The new treatment, developed by researchers at the University of Sheffield and funded by Age UK is a new way to prevent skin wounds, such as bed-sores and ulcers, becoming infected.
This treatment has been proven to work on antibiotic-resistant bacteria, such as Methicillin-resistant Staphylococcus aureus (MRSA), which is currently one of the biggest threats to global healthcare and medicine.
Bacterial skin infections are a major problem for older people and people with chronic health conditions, such as diabetes.
Infected wounds heal more slowly, causing pain and distress for the patient, and are a significant cost to the NHS in the UK.
To launch an infection, bacteria attach tightly to skin cells and have learned to hijack ‘sticky patches’ on human cells to achieve this.
Using proteins called tetraspanins, from human cells, the Sheffield scientists have made these patches much less sticky, allowing bacteria to be harmlessly washed away.
The research has shown that these proteins prevent bacterial infections in a model of human skin, which the scientists say give a clear indication that this treatment is both safe and effective.
This treatment was trialled on a model of 3D tissue engineered skin (TEskin) developed by engineers at the University.
The engineered skin, pioneered by Professor Sheila MacNeil from the University’s Department of Materials Science and Engineering, can model infected wounds in human skin and mimics the tissue structure of normal adult skin.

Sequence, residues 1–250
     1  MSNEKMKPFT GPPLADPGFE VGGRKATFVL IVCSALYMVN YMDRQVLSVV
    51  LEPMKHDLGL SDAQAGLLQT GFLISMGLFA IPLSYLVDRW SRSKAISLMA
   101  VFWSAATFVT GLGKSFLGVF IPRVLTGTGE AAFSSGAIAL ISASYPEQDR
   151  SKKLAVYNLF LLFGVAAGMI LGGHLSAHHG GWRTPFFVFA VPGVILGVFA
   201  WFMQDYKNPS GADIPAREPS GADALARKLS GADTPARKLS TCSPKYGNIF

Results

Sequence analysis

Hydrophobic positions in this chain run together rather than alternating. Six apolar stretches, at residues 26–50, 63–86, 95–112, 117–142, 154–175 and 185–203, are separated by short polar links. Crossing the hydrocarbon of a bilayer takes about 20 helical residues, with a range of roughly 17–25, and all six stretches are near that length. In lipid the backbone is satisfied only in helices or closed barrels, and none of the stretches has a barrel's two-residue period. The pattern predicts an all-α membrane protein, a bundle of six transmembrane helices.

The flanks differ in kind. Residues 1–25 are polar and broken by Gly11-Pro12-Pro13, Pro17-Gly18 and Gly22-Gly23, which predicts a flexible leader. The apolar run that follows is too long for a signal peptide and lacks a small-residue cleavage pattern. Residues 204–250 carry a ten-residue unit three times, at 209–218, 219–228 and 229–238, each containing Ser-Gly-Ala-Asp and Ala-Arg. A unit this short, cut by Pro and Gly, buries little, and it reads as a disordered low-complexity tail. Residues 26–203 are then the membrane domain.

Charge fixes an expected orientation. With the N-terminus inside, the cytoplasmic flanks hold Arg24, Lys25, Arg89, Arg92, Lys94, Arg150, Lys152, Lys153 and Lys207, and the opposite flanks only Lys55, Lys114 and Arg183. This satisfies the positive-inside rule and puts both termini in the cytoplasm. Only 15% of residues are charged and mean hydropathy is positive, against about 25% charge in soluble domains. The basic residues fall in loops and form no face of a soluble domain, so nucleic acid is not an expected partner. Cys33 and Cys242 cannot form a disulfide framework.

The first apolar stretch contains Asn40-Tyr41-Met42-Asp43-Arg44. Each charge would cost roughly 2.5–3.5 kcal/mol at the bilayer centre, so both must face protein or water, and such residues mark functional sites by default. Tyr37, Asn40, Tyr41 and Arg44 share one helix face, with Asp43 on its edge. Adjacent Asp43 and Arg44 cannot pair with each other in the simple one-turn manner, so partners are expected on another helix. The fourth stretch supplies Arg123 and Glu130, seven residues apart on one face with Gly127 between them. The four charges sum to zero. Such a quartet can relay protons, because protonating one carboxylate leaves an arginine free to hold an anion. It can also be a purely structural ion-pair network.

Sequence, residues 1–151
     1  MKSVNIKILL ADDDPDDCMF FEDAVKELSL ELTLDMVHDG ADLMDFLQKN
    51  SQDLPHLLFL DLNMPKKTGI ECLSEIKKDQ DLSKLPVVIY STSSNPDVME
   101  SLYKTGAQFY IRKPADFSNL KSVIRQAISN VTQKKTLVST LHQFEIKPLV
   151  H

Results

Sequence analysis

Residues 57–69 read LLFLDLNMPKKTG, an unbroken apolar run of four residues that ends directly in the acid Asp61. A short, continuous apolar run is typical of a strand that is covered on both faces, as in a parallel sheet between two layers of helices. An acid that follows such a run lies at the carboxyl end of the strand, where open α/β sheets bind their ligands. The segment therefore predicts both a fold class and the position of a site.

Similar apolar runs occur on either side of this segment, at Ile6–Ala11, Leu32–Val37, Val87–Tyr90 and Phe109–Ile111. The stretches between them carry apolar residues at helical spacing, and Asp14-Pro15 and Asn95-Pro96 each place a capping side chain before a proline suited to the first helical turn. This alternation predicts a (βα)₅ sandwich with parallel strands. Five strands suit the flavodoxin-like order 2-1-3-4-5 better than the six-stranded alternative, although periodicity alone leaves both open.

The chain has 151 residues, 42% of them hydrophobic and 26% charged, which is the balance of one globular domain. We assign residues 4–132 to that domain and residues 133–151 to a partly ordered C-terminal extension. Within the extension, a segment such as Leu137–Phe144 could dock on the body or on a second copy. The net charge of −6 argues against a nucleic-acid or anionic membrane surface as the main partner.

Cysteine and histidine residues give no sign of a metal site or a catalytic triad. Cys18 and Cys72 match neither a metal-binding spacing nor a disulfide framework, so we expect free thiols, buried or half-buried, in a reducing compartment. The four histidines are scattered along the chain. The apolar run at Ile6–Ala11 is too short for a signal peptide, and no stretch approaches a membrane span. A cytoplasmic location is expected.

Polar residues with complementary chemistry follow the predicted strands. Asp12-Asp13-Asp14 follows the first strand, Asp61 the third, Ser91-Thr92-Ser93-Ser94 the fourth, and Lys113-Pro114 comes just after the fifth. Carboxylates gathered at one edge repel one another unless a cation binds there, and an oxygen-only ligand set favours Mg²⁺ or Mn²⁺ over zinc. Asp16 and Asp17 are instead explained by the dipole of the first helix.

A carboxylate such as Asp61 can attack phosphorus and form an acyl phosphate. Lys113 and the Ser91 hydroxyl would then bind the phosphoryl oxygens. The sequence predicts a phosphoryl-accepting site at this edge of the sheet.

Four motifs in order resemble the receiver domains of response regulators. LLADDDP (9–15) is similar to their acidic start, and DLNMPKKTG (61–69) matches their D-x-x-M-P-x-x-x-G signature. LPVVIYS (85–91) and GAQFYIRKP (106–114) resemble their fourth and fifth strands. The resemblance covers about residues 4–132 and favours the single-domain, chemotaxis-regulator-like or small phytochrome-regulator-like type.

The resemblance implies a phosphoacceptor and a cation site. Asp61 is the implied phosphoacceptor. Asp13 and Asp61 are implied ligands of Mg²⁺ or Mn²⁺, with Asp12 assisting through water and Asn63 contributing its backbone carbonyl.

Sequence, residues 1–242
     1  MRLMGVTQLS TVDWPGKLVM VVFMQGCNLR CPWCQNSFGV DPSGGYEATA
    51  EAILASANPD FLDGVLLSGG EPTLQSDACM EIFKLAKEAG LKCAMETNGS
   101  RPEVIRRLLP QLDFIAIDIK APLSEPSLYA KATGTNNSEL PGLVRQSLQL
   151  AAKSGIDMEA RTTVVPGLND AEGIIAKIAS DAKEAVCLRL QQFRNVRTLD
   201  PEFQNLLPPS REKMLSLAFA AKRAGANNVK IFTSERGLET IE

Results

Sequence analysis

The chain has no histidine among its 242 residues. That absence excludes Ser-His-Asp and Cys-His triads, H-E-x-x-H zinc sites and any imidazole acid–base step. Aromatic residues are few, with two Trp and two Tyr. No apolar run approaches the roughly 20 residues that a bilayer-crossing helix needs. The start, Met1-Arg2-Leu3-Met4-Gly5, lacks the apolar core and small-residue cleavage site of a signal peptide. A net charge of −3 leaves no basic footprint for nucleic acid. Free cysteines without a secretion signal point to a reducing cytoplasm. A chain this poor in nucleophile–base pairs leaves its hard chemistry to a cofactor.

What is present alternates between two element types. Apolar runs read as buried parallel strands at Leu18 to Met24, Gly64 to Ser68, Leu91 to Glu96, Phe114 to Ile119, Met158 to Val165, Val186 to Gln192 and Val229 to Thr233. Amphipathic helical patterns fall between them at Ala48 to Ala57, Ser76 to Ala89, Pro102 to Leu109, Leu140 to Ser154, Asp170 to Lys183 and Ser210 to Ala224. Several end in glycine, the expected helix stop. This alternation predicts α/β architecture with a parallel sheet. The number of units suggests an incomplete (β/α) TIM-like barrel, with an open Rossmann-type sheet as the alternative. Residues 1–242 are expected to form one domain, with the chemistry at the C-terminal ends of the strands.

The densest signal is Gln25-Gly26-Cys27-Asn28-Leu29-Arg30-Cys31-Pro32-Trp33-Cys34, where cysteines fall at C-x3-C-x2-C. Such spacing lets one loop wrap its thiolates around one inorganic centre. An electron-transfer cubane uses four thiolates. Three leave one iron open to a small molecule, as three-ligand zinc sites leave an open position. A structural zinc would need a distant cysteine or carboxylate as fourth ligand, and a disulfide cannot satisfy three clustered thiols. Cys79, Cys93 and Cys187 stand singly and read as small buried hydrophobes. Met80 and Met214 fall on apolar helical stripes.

It can be used to analyse the penetration of peptides and bacteria.
Pete Monk from the University’s Department of Infection, Immunity and Cardiovascular Science, who led the study, said: “This development is a huge breakthrough in the fight against antibiotic-resistance. Skin infections, such as bed-sores and ulcers, can be incredibly troubling for patients who may already be dealing with other debilitating conditions. They are also a significant problem for modern healthcare”.
“We hope that this new therapy can be used to help relieve the burden of skin infections on both patients and health services while also providing a new insight into how we might defeat the threat of antimicrobial drug resistance”.
“The therapy could be administered to patients using a gel or cream and could work well as a dressing. We’re hoping it can reach clinical trials stage in the next three to five years,” Mr Monk said.